‘My favourite colour is pink, what’s yours? My best dinner is roast pork. I hate girls who climb trees. When I grow up I want to be a nurse, who do you want to be?’

Eleanor had not known who she would be. Alice had made it clear she didn’t believe her by tutting and sighing. Eleanor was telling the truth, but to please her she finally lit upon Mickey Dolenz, which had disgusted Alice.

Eleanor never knew the right answers to Alice’s questions. She pondered now, one foot wedged against a tussock. How could Alice hate girls who climbed trees when she didn’t know all of them?

Eleanor stopped breathing and jerked her head up.

There was the unmistakable sound of someone walking on the path, treading quietly so as not to be heard. Eleanor shut her eyes to better hear the click of Alice’s shiny shoes on the flints. She could have seen her if she had lifted the branches, but with her eyes shut, Eleanor was cloaked with invisibility. The footsteps crunched past and faded away.

One, two, one, two.

Eleanor’s ears were pounding and to stop the sound she clapped her hands over them and pummelled away the memory. She slumped against a bush, relaxing into its armchair comfort, shifting until the springy branches stopped poking into her back.

She felt guilty for bringing Alice to the empty village again. They were playing illegally because their parents had forbidden them to go there. It was overgrown with tall weeds and overblown with untold dangers. Eleanor’s father had said the ground was subsiding and that eventually the whole lot would fall into the sea. There were rumours in the village of an attack there after the war, a child’s strangled body found at the bottom of the cliff and no one caught. Eleanor had taken all her friends there.

On the first day Alice’s mother had told them to play nicely on the village green where there were swings, and a lumbering roundabout that was hard to push and hard to stop. Eleanor hated the square of tarmac surrounded by yellowed grass, with no hiding places, dotted with benches for dead people whose names Alice said she knew off by heart. Skipping and hopscotch were the only things to do there, since Alice didn’t play football. Eleanor couldn’t skip, her legs caught up in the snaking rope, but Alice’s mother had said Alice must stay clean and tidy and not crumple her lovely new dress. This meant she refused to move around much. While her Mum was giving instructions, Alice had smoothed the cuffs and stroked her fancy dress with pointy pink fingers and, doing what Eleanor considered a stupid smile, had turned into the ancient Mrs Mahey warbling nursery rhymes with the infants in their school play.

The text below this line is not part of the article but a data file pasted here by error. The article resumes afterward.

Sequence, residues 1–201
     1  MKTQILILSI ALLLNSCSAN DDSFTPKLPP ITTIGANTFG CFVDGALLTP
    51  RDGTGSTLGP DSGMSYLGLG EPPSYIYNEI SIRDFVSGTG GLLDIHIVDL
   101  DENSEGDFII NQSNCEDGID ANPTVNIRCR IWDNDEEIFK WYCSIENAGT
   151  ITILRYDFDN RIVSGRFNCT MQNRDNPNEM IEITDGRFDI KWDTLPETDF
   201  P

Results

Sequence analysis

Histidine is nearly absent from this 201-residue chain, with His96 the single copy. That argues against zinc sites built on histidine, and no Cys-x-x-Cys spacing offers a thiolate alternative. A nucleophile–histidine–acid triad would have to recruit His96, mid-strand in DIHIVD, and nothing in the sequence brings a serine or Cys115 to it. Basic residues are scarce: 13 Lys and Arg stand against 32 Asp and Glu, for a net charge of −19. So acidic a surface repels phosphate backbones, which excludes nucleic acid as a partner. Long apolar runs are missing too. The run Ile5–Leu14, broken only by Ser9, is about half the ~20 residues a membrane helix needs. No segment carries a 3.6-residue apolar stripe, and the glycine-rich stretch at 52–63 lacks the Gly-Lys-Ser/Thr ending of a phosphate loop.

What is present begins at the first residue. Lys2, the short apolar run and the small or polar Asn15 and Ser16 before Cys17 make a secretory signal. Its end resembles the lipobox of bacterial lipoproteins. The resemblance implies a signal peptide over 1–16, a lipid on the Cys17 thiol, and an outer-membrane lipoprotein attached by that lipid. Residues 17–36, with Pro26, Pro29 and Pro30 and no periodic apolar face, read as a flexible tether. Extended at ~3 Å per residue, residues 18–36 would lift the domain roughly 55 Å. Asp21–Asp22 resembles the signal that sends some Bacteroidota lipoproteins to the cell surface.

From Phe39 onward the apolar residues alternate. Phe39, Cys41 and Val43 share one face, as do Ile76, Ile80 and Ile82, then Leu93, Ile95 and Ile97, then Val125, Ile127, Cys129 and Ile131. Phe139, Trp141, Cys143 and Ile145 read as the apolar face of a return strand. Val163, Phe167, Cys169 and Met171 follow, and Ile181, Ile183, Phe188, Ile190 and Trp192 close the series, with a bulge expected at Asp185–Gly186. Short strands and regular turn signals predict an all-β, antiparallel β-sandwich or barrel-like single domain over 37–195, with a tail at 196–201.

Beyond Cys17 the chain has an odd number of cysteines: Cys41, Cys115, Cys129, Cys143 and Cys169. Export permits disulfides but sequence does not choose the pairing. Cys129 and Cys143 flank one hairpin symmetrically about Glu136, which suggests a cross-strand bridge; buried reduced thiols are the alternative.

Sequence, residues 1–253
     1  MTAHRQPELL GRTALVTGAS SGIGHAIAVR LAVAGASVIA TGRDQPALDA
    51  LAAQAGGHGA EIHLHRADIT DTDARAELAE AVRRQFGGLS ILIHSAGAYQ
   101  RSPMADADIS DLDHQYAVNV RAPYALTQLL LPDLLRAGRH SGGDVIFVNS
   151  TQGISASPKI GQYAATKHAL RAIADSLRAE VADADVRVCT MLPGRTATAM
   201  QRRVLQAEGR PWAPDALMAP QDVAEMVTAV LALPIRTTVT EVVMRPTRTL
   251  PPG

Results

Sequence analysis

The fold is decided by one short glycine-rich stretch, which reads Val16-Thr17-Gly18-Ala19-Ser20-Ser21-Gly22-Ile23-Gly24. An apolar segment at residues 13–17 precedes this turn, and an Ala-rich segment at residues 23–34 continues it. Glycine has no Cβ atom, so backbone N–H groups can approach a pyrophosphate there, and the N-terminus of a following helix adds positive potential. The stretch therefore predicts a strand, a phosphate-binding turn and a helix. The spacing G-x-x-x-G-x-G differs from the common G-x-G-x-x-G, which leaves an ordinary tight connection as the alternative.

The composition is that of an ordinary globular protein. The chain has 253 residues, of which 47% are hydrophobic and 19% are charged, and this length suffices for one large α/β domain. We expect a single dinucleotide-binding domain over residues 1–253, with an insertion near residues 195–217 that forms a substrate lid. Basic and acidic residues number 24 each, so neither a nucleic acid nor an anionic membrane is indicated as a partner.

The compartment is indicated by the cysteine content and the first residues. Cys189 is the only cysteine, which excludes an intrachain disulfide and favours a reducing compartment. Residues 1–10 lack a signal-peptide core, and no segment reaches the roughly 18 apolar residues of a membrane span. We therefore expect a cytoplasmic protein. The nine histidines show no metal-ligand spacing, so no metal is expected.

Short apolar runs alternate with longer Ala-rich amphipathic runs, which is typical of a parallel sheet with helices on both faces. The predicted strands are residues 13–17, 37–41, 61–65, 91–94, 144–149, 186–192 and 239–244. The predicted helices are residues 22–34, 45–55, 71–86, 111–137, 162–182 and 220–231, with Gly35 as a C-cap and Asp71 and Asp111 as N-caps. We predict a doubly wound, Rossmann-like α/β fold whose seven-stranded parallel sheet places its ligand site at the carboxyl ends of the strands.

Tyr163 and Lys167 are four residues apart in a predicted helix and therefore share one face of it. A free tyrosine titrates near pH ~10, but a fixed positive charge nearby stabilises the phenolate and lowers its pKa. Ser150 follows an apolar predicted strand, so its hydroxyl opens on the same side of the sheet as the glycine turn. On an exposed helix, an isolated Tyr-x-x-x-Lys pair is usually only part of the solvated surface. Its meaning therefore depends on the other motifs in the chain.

‘…six, seven, eight, nine, ten, then I put it back again…’

Eleanor heard her holiday clang shut.

When she was at home in London, Eleanor would make up stories of perfect afternoons at the White House. Everyone would sit together in the shade of great-uncle Jack’s willow tree, planted after he was gassed in the trenches in the First World War. The sound of her father pouring tea, as she traced jigsaw patches of sunlight on the stained tablecloth – in her fantasies always piled with cakes – made her stomach buzz. Shutting her eyes and lifting her arm slowly, Eleanor could feel the weight of the jug of freezing lemonade, and the smooth curvy handle on her dead grandmother’s bone china teapot that was more like a friendly person than crockery. She knew her Dad felt the same way about it, although he never said. Instead he would tell her Mum they shouldn’t use it because one day they would break it. This would make her mother use the smile she could snap off suddenly like a trick.

‘This is supposed to be a home not a museum stuffed full of your dead relatives.’

Mark Ramsay was right, for one day the teapot did get broken. By that time, a morning over thirty years later as the sun shone brightly on a new century, so much was different that while the Ramsays stared dumbstruck at the smashed china scattered across the kitchen tiles, they felt nothing at all.

As Eleanor lay in bed back home in Hammersmith she would wander around the White House’s large garden, smelling the lawn just mowed by Leonard, the very old man who also did the grass in the churchyard where his wife had been ‘sleeping by the west buttress for forty years’. Tripping between the long rectangular beds, past the caged sweet peas, the nets weighed down by fallen leaves from the oak tree above, she would bury her face in her pillow to muffle the silence from the floors below. She would think of the newly dug soil and the scent of roses that her mother loved and by concentrating, conjure up the clinking of cups with chipped lips and knives with blotches like snowflakes on the blades. The windows were always open wide, tattered curtains ballooning out in the breeze like sails. Her parents would be laughing, her sister snorting like a horse, and her brother sprawled back on his tilting chair in fits at Eleanor’s jokes. By concentrating hard, Eleanor could give these vaporous figures substance.